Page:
Buffett Sheds Level 3 Shares

Warren Buffett's investment company rids itself of more than 18 million Level 3 shares

November 13, 2003

2 Min Read
Buffett Sheds Level 3 Shares

Berkshire Hathaway Inc., billionaire Warren Buffett's investing company, has dumped some 18,232,565 shares of Level 3 stock in the past several months, according the company's SEC filings.Level 3 Communications Inc. (Nasdaq: LVLT) shares fell hard on the news -- dropping $0.37 (6.57%) to $5.26 in trading on Thursday.Buffett and pals first invested in Level 3 last summer. The carrier sold junior convertible subordinated notes, due 2012, to three investors: Longleaf Partners bought $300 million of the convertible notes; Berkshire Hathaway bought $100 million; and Legg Mason Inc. bought $100 million.The notes mature in 10 years and pay 9 percent interest. And, evidently, Buffett's crew converted many of the notes into common stock at a price of $3.41 a share.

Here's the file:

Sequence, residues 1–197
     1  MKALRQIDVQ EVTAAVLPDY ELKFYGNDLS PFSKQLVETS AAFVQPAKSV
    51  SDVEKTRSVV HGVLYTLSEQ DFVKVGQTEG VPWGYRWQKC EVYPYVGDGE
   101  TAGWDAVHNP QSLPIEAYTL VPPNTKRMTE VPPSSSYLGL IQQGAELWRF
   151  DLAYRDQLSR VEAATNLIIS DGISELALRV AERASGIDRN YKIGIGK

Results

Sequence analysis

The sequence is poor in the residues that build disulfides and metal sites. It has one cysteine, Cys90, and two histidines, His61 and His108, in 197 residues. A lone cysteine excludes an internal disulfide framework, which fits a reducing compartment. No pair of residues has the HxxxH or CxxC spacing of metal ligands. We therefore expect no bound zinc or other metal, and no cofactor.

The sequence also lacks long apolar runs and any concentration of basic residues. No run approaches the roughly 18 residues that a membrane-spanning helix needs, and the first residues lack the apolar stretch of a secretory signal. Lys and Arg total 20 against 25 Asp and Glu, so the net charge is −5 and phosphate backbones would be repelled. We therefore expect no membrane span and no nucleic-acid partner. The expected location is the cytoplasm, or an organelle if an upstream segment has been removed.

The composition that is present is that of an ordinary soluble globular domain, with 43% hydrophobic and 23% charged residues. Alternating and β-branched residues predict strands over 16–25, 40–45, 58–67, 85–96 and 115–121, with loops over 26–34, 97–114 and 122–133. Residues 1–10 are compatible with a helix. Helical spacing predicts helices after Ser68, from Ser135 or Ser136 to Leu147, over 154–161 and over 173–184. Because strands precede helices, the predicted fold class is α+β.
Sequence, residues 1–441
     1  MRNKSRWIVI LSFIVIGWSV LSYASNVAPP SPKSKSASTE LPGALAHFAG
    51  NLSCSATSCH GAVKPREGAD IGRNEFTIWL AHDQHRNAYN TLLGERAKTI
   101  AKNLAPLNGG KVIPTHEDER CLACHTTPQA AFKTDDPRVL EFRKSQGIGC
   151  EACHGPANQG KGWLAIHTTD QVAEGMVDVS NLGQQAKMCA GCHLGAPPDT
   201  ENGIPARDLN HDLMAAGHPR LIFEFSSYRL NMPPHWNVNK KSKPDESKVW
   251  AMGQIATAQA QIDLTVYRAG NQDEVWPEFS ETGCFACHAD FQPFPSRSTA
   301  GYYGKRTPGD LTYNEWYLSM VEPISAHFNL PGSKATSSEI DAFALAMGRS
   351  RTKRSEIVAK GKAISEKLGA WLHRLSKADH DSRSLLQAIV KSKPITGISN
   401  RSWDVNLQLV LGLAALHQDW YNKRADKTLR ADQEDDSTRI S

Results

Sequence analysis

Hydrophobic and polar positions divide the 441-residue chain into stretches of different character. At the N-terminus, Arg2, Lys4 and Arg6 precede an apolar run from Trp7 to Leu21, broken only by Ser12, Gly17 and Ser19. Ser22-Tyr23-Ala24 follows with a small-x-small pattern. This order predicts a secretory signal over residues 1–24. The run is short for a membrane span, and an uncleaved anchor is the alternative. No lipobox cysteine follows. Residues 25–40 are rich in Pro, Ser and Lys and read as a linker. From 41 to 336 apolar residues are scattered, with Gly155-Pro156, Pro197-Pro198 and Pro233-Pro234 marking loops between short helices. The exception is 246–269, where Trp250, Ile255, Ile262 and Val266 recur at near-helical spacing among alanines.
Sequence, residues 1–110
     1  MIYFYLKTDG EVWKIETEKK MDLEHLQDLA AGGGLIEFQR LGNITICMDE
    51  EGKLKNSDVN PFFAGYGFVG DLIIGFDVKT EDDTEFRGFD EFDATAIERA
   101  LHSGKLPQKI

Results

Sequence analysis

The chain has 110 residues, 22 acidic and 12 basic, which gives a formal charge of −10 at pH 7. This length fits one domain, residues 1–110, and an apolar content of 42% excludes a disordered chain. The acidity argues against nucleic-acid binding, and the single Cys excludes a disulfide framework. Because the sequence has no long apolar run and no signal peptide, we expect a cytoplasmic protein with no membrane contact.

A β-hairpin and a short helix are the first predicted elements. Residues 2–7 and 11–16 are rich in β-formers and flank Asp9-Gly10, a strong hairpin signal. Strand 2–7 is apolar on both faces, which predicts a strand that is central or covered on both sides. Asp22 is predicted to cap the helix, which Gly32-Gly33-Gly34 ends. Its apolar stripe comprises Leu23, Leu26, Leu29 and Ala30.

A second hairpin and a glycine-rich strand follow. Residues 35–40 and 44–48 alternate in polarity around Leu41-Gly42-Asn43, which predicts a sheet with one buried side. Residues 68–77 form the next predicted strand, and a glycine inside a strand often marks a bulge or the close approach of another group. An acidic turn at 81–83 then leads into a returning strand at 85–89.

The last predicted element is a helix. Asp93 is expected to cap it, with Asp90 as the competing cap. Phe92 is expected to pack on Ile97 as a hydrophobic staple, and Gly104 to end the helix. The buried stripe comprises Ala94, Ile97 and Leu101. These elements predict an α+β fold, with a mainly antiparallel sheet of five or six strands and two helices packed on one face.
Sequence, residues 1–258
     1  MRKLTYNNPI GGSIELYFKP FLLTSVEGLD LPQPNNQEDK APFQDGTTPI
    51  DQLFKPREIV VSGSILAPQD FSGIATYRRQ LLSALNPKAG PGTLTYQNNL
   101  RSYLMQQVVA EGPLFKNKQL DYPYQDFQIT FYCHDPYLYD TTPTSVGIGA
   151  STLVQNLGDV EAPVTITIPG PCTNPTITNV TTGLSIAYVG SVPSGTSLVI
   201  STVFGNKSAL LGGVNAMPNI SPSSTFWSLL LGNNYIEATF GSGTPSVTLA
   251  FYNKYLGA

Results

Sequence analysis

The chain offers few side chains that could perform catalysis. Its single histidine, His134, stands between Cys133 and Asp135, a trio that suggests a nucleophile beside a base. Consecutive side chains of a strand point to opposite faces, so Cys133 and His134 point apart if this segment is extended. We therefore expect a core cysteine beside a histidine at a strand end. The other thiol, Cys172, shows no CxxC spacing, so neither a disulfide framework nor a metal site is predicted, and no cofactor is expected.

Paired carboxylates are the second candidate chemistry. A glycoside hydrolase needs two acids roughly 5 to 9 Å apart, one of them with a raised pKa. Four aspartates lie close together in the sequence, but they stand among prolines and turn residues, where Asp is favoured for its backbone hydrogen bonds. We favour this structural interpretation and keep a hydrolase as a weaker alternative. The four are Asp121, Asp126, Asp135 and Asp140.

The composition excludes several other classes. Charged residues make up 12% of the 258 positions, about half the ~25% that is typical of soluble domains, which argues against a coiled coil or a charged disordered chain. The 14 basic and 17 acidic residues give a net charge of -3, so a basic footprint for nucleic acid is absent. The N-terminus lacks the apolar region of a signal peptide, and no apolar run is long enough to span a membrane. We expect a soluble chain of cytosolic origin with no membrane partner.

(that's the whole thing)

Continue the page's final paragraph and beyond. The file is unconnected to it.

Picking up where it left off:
At the time the investment was made, Wall Street was lukewarm on the move. It liked the fact that Buffett, a technophobe famous for buying into household names, was putting bucks into a hobbling telecom horse like Level 3. However, some were skeptical that Buffett buddy Walter Scott, Level 3's chairman, who is also on the board of Buffett's Berkshire Hathaway, was just looking to move money from one pocket to the other.Also, investors wanted to see how confident Buffett and the other investors were in Level 3's long-term prospects. "If [the investors] converted the shares quickly and held on to the stock, I'd be pretty happy about that," said Crédit Lyonnais Securities Inc. telecom analyst Rick Grubbs, in June 2002.One year after the original investment, all three investors converted all of their outstanding notes into Level 3 shares. The conversion knocked about $457 million off Level 3's long-term debt. The carrier issued about 161 million shares of stock, in aggregate, to the three investors in connection with the conversion.But shortly after the conversion, Berkshire Hathaway began chunking Level 3 shares out the window.Through deals such as the one it swung with Berkshire Hathaway, Level 3 continues to make improvements in its capital structure. However, analysts say it still has an awful lot of debt. Level 3's net debt at the end of the third quarter was $4.8 billion, giving it more than 8 times more debt than it has assets -- or, a leverage ratio of 8.4x, according to an October note by Merrill Lynch & Co. Inc. analyst Adam Quinton. "While we remain encouraged by further financial restructuring efforts, we remain concerned about additional potential dilution to equity holders," writes Quinton. — Phil Harvey, Senior Editor, Light Reading

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